With no DPP in reach, a family medicine practice created its own

Timothy M. Smith , Contributing News Writer

Dismayed by the scarcity of referral options and inspired to practice at the top of their abilities, the staff at an independent practice in suburban Detroit implemented their own diabetes prevention program (DPP). The lead physician on the project shares the steps he took to set it up, as well as some successes evident in patients just two months into the program.

“We’ve been heavily invested in fee-for-value, but I got really frustrated with care as it had to be for my practice to be profitable,” said Robert Jackson, MD, a family physician with Western Wayne Physicians. “I wanted to deliver better care, and I wanted to deliver the right care at the right time. That’s why I became a physician. So I immersed myself in finding new ways to help patients and the community.”

Western Wayne has a largely blue-collar patient population. The organization’s three sites in the western suburbs of the Motor City provide care largely to the region’s auto workers, many of whom have prediabetes.

“I read about DPPs a couple years ago and thought, ‘This is really important. We could do this,’” he said. “But there were no programs in my community that I could refer patients to. Plus, I started thinking, ‘I’m a family doc, why would I refer this to a hospital?’ "

As a family physician, Dr. Jackson said it is the nature of his specialty to refer many matters to other specialists. But one thing he didn’t want to send out for referral is patient education.

“That’s what I’m an expert in,” he said. “Referring that away because I don’t have enough time to do it is ridiculous. I wondered how I could train people to do it.”

The idea lay dormant for months, though, because Dr. Jackson did not know where to find appropriate training and other resources. Then, through fellow members of the Michigan Academy of Family Physicians and the Michigan State Medical Society, he was connected with staff on the AMA’s Improving Health Outcomes team.

“I really feel nurtured by the AMA,” Dr. Jackson said. “They kept meeting with my staff, giving direction, holding our hands along the way.”

Eventually, the receptionist, medical assistant and nurse case manager at one of Western Wayne’s three locations were connected with State of Wellness, one of nine organizations approved by the Centers for Disease Control and Prevention (CDC) to provide lifestyle-coach training for the National DPP. With that help, Western Wayne was able to launch its DPP nine weeks ago.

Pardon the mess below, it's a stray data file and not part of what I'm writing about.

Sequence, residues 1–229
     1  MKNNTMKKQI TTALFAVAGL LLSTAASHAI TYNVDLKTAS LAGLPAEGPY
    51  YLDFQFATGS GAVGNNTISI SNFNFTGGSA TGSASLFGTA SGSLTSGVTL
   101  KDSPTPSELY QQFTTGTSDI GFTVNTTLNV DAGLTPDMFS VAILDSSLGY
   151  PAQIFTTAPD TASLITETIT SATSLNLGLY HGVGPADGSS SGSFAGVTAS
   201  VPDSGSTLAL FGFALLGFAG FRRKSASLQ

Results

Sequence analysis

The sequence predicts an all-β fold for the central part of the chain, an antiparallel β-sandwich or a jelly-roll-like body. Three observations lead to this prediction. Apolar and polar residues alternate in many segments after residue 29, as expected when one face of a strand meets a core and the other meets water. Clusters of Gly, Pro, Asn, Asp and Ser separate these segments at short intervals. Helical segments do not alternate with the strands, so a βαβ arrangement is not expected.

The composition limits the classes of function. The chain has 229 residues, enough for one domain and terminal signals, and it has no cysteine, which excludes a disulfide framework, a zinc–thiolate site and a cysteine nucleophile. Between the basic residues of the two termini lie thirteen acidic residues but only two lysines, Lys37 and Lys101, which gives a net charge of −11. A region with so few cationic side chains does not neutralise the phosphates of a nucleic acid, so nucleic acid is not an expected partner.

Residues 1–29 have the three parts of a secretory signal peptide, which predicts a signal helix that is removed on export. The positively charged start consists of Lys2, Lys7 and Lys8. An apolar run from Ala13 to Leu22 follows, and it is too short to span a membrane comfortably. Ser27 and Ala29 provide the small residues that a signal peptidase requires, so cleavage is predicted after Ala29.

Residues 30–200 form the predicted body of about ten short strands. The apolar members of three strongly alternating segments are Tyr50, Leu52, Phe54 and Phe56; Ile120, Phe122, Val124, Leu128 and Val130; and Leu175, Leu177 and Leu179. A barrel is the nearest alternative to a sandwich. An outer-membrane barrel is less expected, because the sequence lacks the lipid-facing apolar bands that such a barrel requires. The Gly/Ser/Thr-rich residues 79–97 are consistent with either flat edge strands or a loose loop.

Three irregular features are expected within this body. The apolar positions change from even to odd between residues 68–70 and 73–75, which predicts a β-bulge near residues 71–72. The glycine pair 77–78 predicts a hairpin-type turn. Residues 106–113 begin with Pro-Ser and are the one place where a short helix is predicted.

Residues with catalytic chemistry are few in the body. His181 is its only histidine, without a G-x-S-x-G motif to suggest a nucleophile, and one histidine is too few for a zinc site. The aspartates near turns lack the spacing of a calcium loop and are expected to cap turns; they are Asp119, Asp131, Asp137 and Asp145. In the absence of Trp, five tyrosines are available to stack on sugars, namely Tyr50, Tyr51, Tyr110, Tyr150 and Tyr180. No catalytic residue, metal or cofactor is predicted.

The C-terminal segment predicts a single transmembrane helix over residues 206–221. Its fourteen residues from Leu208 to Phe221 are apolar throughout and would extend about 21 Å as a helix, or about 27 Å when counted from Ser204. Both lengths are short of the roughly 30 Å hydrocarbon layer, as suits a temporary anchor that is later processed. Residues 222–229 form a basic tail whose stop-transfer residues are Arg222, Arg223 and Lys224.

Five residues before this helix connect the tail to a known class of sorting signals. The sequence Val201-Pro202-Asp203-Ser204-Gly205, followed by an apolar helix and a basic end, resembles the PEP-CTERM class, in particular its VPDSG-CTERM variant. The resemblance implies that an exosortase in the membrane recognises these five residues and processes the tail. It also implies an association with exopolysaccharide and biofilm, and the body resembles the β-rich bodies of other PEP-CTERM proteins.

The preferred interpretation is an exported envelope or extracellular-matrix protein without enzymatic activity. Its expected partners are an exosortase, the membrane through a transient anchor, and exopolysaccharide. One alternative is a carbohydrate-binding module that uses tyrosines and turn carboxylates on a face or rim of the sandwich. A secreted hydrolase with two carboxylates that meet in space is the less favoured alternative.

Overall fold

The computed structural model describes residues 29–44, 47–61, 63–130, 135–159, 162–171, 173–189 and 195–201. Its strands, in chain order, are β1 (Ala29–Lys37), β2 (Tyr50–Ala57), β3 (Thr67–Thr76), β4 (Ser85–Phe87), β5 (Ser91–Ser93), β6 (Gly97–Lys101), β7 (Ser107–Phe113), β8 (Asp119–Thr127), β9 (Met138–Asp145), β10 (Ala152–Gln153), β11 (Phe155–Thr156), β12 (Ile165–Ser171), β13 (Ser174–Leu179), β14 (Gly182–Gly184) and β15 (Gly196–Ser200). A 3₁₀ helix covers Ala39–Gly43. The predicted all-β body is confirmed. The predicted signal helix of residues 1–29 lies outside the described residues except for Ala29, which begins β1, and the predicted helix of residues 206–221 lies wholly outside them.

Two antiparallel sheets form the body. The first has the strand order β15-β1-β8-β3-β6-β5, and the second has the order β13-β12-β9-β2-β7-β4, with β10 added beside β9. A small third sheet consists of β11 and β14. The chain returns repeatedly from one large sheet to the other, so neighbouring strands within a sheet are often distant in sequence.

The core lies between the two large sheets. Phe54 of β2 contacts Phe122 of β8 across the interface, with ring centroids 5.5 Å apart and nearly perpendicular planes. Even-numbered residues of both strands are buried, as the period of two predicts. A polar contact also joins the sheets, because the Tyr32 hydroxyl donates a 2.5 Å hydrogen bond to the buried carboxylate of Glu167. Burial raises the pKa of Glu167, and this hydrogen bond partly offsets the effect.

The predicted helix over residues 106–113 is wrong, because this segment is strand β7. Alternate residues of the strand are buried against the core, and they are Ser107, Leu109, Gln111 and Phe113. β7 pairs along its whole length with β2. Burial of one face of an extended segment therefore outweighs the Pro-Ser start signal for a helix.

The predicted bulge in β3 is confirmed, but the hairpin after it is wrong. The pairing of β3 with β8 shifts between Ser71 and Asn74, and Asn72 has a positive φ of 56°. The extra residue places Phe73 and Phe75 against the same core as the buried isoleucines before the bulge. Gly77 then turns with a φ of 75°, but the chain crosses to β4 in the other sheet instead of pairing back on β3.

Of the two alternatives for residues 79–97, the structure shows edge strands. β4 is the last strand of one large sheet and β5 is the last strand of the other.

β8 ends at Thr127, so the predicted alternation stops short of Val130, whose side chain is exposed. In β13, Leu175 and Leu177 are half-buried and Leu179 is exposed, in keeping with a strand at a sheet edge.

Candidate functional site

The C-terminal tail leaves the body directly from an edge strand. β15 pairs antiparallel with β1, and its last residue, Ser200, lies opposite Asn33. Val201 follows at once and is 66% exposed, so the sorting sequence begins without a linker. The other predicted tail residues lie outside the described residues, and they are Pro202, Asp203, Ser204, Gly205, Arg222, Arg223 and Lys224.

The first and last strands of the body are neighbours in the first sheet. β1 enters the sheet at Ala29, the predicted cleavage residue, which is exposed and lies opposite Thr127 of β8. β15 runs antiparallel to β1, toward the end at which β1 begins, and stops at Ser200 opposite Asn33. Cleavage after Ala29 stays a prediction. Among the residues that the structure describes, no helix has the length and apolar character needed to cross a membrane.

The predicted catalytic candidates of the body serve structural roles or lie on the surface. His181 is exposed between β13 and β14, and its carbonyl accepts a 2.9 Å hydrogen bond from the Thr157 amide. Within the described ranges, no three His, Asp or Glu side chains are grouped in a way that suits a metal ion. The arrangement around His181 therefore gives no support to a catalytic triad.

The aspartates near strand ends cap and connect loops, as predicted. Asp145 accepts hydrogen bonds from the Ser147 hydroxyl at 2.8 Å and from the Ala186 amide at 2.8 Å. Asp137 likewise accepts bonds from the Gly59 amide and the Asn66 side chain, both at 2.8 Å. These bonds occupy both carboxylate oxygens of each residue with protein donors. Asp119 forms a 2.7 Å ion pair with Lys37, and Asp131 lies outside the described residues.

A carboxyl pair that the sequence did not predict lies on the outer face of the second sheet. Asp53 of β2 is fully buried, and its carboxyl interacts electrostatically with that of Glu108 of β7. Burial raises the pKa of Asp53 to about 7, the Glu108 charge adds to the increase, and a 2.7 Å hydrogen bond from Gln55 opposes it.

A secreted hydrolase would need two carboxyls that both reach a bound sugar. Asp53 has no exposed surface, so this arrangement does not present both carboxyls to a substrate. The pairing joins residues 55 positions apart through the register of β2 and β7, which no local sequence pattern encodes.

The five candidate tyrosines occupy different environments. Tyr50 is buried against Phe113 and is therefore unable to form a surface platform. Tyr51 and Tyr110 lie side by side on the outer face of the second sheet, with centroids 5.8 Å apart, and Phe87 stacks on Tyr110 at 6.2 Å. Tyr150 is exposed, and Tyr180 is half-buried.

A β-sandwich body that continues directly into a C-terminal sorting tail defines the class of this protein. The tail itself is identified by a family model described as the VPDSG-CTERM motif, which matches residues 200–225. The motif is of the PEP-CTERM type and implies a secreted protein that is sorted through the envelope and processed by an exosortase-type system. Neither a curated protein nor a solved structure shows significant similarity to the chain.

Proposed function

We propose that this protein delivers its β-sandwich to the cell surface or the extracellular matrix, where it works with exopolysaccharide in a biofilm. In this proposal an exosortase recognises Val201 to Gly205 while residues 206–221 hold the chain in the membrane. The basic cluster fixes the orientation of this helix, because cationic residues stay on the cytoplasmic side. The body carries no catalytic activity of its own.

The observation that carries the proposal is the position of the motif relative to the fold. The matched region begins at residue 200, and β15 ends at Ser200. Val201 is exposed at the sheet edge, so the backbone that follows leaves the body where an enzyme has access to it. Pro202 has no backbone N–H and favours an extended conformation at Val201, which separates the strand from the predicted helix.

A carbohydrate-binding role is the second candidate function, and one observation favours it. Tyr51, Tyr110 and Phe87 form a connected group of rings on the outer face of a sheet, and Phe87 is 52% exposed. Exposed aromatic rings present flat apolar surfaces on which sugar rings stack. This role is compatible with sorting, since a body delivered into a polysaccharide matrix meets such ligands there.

Early successes

CDC-recognized DPPs are 12-month, evidence-based lifestyle interventions that help patients achieve lasting behavior changes such as healthier eating, more physical activity and improved problem solving and coping. They have been shown to help people with prediabetes cut their risk of progressing to type 2 diabetes by 58 percent overall and by 71 percent in those 65 years and older.

Western Wayne’s group is meeting for an hour and a half once a week, on Tuesday evenings, for the first 16 weeks, at which point meetings will shift to once every three weeks through the 26th lesson. Of the 14 patients who agreed to participate, 13 are still enrolled, and they are already seeing results.

"People are losing weight. They’re engaged in the meetings. They’re exercising. It’s doing the right things,” said Kayla Jones, the office’s receptionist and the lifestyle coach for the group. “Some have lost about seven pounds, but most have lost three or four pounds, which isn’t huge, but it’s definitely significant considering they’re only looking to lose 5 to 7 percent in the first six months. Two months in, having any weight loss is a good thing.”

In addition, Jones noted, patients with prediabetes often have other underlying issues, so even that small amount of weight loss can help with other conditions, such as hypertension and knee pain.

“When we ventured into this, we didn’t see any way to make money, but we knew it was the right thing to do,” Dr. Jackson said. That has changed, he said, with the help of the impending reimbursement of DPP from Medicare.

“Now,” Dr. Jackson said, “we have the opportunity to provide this service for pay beginning Jan. 1, 2018. I’m not certain how much we’ll get for these sessions, but it will help pay for something that we know is important.

“In today’s health care system, primary care physicians have to get involved in things like this to boost the value they provide to patients. That’s the primary care of the future, and diabetes prevention will play a big part in it. I would almost say think twice before you don’t do it.”

The CDC and the AMA have been working together since 2014 to address diabetes prevention on a national level. This has included a national co-branded initiative, Prevent Diabetes STAT™, which aims to increase engagement with physicians, care teams and patients to reach some of the millions of adults with prediabetes and stop their progression to type 2 diabetes.

The AMA has also partnered with San Francisco-based Omada Health and Intermountain Healthcare, a Salt Lake City-based health system, to incorporate Omada’s online DPP into the care setting at Intermountain. The goal of the partnership is to create a road map for health care organizations across the country to integrate proven online prevention programs into physician referrals and clinical workflows.

Editor’s note: This is the first of two articles exploring Western Wayne Physicians’ work to create a DPP. The second article, appearing tomorrow in AMA Wire®, will outline the practice's detailed advice on starting your own DPP.